Avoid Tunnel Vision When Searching For a New Home

by Elayne Jassey 10/06/2019

When buying a house, especially your first home, it's all too easy to make impulsive decisions and fail to "see the forest for the trees."

Although it's impossible to ignore your emotional reactions to a house for sale, it's vital to look at the big picture and make sure there are no red flags being ignored or glossed over.

For example, if the foundation of the house looks unstable or the surrounding neighborhood is showing signs of deterioration, it's ultimately not going to matter how much you love the layout of the kitchen or the convenience of a first floor laundry room. Major problems can overshadow the desirable features of a home and have long-term implications on your finances (and sanity).

Even though the future marketability of a house may be the last thing on your mind when you're searching for your next home, it's a factor worth giving some serious thought to. When that aspect of home ownership is overlooked, it could result in headaches and possible financial loss down the road. While real estate generally has a tendency to appreciate in value over time, there are exceptions.

The good news is that many potential problems can be prevented by combining common sense with the advice of qualified professionals, such as an experienced, certified property inspector. If you're wondering what's covered in a typical home inspection, the American Society of Home Inspectors offers this overview: "The standard home inspector’s report will cover the condition of the home’s heating system; central air conditioning system (temperature permitting); interior plumbing and electrical systems; the roof, attic and visible insulation; walls, ceilings, floors, windows and doors; the foundation, basement and structural components."

So while inspectors can't look behind every wall or accurately predict the remaining lifespan of an existing HVAC system, they can provide you with a lot of valuable tips, recommendations, and insights into the condition of a house for sale. Working with a top-notch real estate (buyer's) agent will also help you avoid many of the potential pitfalls of buying a home.

While nobody wants to move into a "money pit," the likelihood of finding a home that's absolutely perfect and doesn't need any repairs, updates, or improvements is extremely low. Home buyers who are too focused on perfection may eventually realize that their standards are unattainable. A successful search for a new home hinges on the ability to distinguish between a minor cosmetic problem, such as an unappealing paint color, and a major problem, like a basement that floods regularly or a roof that's been compromised by storms, falling branches, or long-term neglect.

Although home buyers have differing expectations when it comes to repairs, remodeling, decorating, and renovations, one thing's for sure: Everyone wants to add their own personal touches to a new home and make it feel and look like their own!

About the Author
Author

Elayne Jassey

 

Your Neighborhood Expert!

Hi, I'm Elayne Jassey and in addition to my passion for real estate, I have a passion for my family, people, competitive games and Stamford! I have loved living in Stamford, Connecticut for the last 35 years. During that time I raised two daughters here and became quite involved in our local civic life. I was very active in Board of Education affairs during all the years my daughters spent in the Stamford public schools, and my early experience as a middle school teacher gave me a great appreciation for the strengths of the Stamford schools. I am currently a member of our Downtown Committee and I'm delighted to have participated in processes that have resulted in everything from encouraging the University of Connecticut to move into their new-in-town branch location, to bringing the excitement of the area's largest Thanksgiving Day Parade, complete with soaring balloons and marching bands, to town.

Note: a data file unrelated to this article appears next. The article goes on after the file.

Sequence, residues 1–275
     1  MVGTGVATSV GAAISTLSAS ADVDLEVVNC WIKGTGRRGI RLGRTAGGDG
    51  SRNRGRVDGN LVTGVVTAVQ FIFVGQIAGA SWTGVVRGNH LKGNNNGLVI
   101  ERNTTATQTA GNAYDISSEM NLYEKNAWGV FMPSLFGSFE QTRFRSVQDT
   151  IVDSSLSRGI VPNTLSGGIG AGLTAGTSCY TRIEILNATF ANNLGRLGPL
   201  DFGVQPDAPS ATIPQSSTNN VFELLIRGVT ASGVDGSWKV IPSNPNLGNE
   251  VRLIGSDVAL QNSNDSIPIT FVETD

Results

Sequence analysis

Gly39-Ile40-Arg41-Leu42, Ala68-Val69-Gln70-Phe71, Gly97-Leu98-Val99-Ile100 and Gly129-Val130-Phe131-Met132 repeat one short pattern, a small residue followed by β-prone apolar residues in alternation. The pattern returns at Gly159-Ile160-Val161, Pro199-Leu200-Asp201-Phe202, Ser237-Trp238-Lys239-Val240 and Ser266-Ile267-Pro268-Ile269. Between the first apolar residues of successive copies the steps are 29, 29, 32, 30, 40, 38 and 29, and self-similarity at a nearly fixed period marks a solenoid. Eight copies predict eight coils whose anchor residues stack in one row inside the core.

I suspect the greatest joy in my professional life is that I meet and work with so many different and interesting people. I enjoy my customers and I am pleased that I build close relationships with them that I maintain for years. These relationships have resulted in a high degree of customer loyalty, and most importantly many close and rewarding friendships. In fact, I continue to work with people I listed, rented or sold properties to when I first entered the profession, and now I have begun selling to the next generation in their families! 

When not spending time with my family or savoring time with my granddaughter as she explores the world, I love to play games. Whether participating in a hard-fought game of Scrabble, playing cards or coming up with the answers in word games and puzzles, I am energized by good competition and problem-solving. In fact, I find creating a successful real estate transaction is a composite of all the things I most enjoy. It combines the problem-solving excitement of detective work with the joy of matchmaking. Each new customer presents a unique set of needs and goals, a special personality and a sense of individual style, all within clearly defined financial strictures. Understanding all these factors and fitting the pieces together successfully is the challenge that makes the selling of real estate so special to me. And it allows me to use my considerable energy, enthusiasm, and entrepreneurial spirit to work hard at meeting my own personal goals. 

People often say that I am a very lucky person. I agree. I live in a community I love. I am surrounded by family and friends, and work in a profession that still engages me deeply. And I've noticed that the harder I work, the luckier I am!